Hourly. Your fund’s CFO and his treasury team, along with their law firm, are busy making investments and raising money (things that are really close to their hearts). Because there is no cash funding involved here and no deadline around a LIBOR amendment from the Fund’s point of view (there are, in fact, deadlines quickly approaching for banks), LIBOR amendments are naturally treated as low priority and lag behind. When the comments come back four weeks later, the banker and senior lawyer naturally need some time to cool off, which drives up costs. Encourage your fund’s CFO to set and follow a timeline, communicate it to fund counsel, and encourage everyone to stick to it. And get started! LIBOR will disappear on 12/31/21 for currencies other than the US dollar, and these changes coincide with a very busy trading environment. And even simple amendments here can take time. Waiting to tie the LIBOR change to a potential upcoming trade change regarding the terms of the trade can prove to frustrate the timing of the change to the terms of the trade, further annoying the client.

Practical solutions. There are some transactions where the borrower’s need for multi-currency borrowing is a good thing to have, not a need to have. Make sure your fund CFO knows that removing the ability to borrow in currency is a pragmatic approach, albeit with a loss of flexibility, which may avoid the need for major surgery on the terms of the loan. currency in the credit agreement. We see this approach used where possible, particularly in older transactions where the Funds are later in the lifecycle.

The syndicate. The lead bank should contact the union members before starting the preparation for the amendment, especially in multi-currency transactions. Not all banks are equipped to handle each new interest rate benchmark. Identifying these type of challenges early in the process and not during the feedback phase can be very helpful.

Borrower’s Comments. Help your fund’s CFO understand the comment environment. Banks are undertaking a massive project implementing these changes across their portfolio of all LIBOR-based asset classes – in many cases literally thousands of separate loans. Standardized arrangements for each bank usually come from a centralized LIBOR working group (not the Fund Finance team or its law firm), and there are often significant differences in approach between banks. Every agreement and often every word in the new benchmarks has been thoroughly reviewed by the internal teams of each bank (legal, risk, operations, IT, swaps teams, pricing) over several months in order to develop standard provisions. that operate in the required environment. Thus, each bank naturally has an institutional preference for compliance and consistency with its policies. As always, we fully respect the right of Fund borrowers to comment, and they should comment in any languages ​​they deem appropriate. But comments on LIBOR succession have to go through many more levels of approval than typical transactional terms: changes have to go through, for example, the centralized LIBOR team at the bank as well as, sometimes, even the LIBOR teams. computer systems (to ensure that any changes are actually possible from the point of view of new computer systems and software). And, in a syndicated deal, this is true for every bank in the syndicate. Banks’ receptiveness to commentary in this area is not surprisingly less accommodating than on trade matters under the decision-making rights of Fund Finance’s trading teams – banks are much more resistant to change in this area to ensure stability. a coherent standard that they, as an institution, can both implement and live up to. So, managing comments here is a lot more time and money consuming than usual. Borrowers should be expressly made aware of this so that they understand the correlation in this context with costs and time when deciding whether a particular comment is essential, pleasant or not necessary. A fund CFO who is unaware of this reality will end up frustrated.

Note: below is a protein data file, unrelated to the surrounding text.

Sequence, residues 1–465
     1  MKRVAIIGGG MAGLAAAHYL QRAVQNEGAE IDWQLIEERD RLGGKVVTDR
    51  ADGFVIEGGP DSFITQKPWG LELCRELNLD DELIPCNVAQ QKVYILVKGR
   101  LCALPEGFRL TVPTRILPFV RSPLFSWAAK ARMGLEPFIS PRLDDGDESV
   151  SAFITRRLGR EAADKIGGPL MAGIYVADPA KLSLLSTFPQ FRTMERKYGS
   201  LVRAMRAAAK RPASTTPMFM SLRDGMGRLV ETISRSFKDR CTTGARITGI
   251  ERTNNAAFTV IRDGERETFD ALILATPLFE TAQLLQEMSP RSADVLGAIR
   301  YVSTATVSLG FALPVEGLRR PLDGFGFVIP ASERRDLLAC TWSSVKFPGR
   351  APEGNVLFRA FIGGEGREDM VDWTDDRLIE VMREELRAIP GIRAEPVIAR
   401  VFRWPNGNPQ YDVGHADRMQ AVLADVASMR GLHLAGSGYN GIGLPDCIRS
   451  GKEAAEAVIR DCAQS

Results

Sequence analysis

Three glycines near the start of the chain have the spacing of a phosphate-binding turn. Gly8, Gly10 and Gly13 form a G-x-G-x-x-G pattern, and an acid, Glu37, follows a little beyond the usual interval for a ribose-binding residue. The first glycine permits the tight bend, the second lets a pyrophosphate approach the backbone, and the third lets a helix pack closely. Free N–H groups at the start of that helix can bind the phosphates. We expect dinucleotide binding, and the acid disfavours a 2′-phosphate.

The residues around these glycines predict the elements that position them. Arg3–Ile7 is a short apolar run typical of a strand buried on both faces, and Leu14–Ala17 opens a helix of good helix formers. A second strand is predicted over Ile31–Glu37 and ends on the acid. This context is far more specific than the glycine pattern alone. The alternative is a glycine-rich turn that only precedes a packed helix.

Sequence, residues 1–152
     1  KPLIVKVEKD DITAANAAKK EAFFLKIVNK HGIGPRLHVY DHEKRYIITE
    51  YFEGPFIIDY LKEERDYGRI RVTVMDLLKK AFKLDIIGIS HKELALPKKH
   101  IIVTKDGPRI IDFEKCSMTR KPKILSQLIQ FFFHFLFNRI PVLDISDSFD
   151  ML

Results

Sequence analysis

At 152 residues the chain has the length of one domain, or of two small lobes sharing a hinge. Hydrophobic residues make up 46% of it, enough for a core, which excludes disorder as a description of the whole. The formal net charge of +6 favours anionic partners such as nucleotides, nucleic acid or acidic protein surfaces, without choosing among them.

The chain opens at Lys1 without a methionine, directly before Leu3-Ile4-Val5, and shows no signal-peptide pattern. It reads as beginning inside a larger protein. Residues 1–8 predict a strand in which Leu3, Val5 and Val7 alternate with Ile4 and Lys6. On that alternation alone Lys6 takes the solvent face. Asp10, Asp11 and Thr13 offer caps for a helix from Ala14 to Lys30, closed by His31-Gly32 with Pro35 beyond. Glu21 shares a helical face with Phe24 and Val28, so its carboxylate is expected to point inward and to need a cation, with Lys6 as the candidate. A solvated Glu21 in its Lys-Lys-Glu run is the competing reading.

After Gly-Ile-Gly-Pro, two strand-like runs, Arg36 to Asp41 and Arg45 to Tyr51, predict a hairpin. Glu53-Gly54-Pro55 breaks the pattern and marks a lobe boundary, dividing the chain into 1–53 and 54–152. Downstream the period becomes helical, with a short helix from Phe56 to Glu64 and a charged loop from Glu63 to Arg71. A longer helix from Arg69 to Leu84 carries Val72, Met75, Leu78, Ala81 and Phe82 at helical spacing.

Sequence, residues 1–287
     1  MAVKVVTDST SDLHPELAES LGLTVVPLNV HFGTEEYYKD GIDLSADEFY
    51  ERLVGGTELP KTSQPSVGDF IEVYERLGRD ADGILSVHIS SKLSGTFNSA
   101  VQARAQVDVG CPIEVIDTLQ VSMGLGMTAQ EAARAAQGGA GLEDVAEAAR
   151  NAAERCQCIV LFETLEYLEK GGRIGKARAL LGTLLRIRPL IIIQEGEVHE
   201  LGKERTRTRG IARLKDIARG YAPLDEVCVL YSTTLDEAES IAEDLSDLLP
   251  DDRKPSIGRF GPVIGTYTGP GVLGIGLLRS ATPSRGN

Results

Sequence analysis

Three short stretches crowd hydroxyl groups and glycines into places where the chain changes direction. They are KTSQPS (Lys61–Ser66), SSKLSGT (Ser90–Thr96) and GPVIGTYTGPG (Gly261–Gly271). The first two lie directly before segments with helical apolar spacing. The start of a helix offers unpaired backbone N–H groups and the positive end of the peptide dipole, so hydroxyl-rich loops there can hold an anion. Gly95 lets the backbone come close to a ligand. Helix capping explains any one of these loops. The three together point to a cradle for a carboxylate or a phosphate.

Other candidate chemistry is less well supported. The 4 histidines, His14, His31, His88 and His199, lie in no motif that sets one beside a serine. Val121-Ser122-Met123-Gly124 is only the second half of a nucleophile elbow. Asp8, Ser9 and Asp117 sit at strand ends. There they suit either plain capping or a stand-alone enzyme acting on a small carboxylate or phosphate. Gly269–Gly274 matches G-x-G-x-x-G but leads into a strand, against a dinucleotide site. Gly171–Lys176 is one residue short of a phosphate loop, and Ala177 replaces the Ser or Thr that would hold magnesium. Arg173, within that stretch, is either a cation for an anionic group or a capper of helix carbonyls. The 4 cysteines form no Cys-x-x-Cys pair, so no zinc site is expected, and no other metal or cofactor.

Legal teams. Banks should encourage their law firms and fund CFOs to encourage their own law firms to form dedicated teams comprising senior members of the applicable negotiating team and any necessary LIBOR transition specialists. Many business lawyers are very familiar with LIBOR transition issues, but often not for all applicable currencies, nuances or operational differences. LIBOR lawyers, in turn, are not necessarily familiar with the intricacies of the bank and the transaction in question. Cross-expertise may be required in certain circumstances. Also, the substantive changes here are in places very complex and cannot be competently handled by new freshmen, for example. Let’s agree with the teams.

Accomplishment. When the change is complete, the bank’s relationship manager should call and thank the customer. Although it was no one’s fault, the Fund will have allocated real time and costs to the project. Let them know it’s appreciated and ask for feedback – we should all try to learn and make the process more efficient each time we go along. Also give feedback to your law firms.

Conclusion. I really see this as an area that can have significant negative impacts on your customer relationships if it is poorly managed. We should all do our best to try to avoid this. If anyone has any other suggestions on how to improve the efficiency of the process, I would appreciate it.